Engineer says cutting of prison steam pipe professional job

AP News
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Posted: Jun 12, 2015 6:41 AM
Engineer says cutting of prison steam pipe professional job

NEW YORK (AP) — A licensed engineer who has done work at the Clinton Correctional facility in Dannemora where two killers escaped last weekend said the work of cutting through a cell wall and a steam pipe was done with a high degree of professionalism.

Larry Jeffords, owner of Jeffords Steel and Engineering in upstate New York, told The Associated Press that convicts David Sweat, 34, and Richard Matt, 48, were either very proficient with the tools they used — or they had help.

"It tells me either they are very good at what they do, with a lot of good training. Or they had very good equipment. Or somebody else cut the hole for them," said Jeffords, whose knowledge of the escape is only based on seeing photographs released by the media.

During the breakout, Sweat and Matt used power tools to cut through steel and bricks and crawled through an underground steam pipe, emerging from a manhole outside the 40-foot walls of the maximum-security prison about 20 miles south of the Canadian border, authorities said.

Prison officials found the inmates' beds inside the 170-year-old Clinton Correctional Facility stuffed with clothes on Saturday morning in an apparent attempt to fool guards making their rounds. On a cut steam pipe, the prisoners left a taunting note containing a crude Asian caricature and the words "Have a nice day."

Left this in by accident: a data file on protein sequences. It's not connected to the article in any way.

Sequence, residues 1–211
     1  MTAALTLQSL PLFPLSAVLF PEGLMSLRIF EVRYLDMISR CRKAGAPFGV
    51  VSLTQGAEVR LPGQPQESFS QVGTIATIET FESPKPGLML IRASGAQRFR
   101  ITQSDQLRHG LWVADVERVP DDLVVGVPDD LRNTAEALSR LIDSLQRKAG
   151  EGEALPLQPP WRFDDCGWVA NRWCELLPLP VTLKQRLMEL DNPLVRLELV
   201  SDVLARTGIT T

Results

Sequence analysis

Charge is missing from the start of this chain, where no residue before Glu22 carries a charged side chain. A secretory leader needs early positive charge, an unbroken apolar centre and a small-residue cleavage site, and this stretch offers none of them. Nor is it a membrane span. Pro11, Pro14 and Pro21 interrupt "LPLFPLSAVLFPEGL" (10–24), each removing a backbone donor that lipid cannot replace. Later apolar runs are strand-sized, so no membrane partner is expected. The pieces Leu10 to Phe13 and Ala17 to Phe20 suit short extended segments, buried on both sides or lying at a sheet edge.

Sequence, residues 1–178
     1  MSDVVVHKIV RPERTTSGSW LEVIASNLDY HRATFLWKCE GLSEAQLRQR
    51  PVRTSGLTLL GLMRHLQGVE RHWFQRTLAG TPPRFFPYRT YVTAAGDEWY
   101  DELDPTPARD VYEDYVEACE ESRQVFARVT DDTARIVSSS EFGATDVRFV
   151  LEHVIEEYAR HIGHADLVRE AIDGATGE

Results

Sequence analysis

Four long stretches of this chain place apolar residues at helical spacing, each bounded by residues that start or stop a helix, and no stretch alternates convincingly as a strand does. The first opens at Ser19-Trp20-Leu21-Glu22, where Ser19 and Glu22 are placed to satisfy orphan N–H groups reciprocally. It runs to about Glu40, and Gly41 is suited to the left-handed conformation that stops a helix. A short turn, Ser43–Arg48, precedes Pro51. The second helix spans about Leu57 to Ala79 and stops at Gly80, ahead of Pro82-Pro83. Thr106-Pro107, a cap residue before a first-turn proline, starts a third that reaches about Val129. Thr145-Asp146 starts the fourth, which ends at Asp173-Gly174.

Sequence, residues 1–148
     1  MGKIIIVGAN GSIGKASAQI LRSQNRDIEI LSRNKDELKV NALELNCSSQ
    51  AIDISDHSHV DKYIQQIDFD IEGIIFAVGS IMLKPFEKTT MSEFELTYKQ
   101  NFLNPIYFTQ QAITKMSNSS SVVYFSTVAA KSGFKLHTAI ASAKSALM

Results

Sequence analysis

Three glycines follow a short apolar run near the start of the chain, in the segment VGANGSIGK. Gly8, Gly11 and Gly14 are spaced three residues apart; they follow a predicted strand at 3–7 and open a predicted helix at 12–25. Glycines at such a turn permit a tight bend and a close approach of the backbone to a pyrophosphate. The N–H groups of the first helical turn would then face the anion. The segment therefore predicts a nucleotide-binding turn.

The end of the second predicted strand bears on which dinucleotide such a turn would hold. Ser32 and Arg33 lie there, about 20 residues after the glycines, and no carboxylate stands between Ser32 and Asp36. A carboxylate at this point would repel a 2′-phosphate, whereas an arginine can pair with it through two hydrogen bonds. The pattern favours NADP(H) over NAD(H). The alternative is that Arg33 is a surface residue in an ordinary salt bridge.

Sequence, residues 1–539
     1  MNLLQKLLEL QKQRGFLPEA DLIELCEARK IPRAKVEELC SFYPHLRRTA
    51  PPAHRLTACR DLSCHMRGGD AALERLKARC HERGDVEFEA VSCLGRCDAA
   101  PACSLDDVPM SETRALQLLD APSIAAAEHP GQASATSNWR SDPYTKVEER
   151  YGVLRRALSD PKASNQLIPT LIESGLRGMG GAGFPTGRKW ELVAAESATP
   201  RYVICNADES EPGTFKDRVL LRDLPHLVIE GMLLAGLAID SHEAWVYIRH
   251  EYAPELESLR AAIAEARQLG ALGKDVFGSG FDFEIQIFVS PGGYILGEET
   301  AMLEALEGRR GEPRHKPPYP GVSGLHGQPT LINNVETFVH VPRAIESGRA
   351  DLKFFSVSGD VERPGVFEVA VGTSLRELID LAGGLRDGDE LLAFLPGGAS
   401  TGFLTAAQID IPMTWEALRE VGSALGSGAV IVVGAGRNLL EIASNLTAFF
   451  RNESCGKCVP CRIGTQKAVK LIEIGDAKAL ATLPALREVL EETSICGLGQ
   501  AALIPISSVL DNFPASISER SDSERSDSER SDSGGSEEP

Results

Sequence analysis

Authorities suspect the inmates also had help from the inside in obtaining the power tools. Guards and other staff members have been questioned, but no one has been disciplined or charged.

Jeffords said that when he worked at the prison he was subject to daily searches entering and leaving the facility. A guard never left his side and all the equipment was inventoried at the end of the day, he said.

The cutting of the cell wall and steel pipe would have taken about four hours of continuous work, Jeffords said. He also said he couldn't believe that no one heard the noise or saw the sparks when the men cut through the steel.

"I'm assuming it was a grinder, and then you were to start that grinder and (begin) cutting your way out. The grinding dust is tremendous — sparks, smoke," said Jeffords.

"To do that with a grinder and to do as nice a hole as they did, I just can't see it done. I'm in the steel business and I've said before I could have sent my best man up there with an acetylene torch or a plasma cutter and I couldn't have a better hole," Jeffords said.

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This story has been corrected to correct the age of the prison to 170 years instead of 150 years.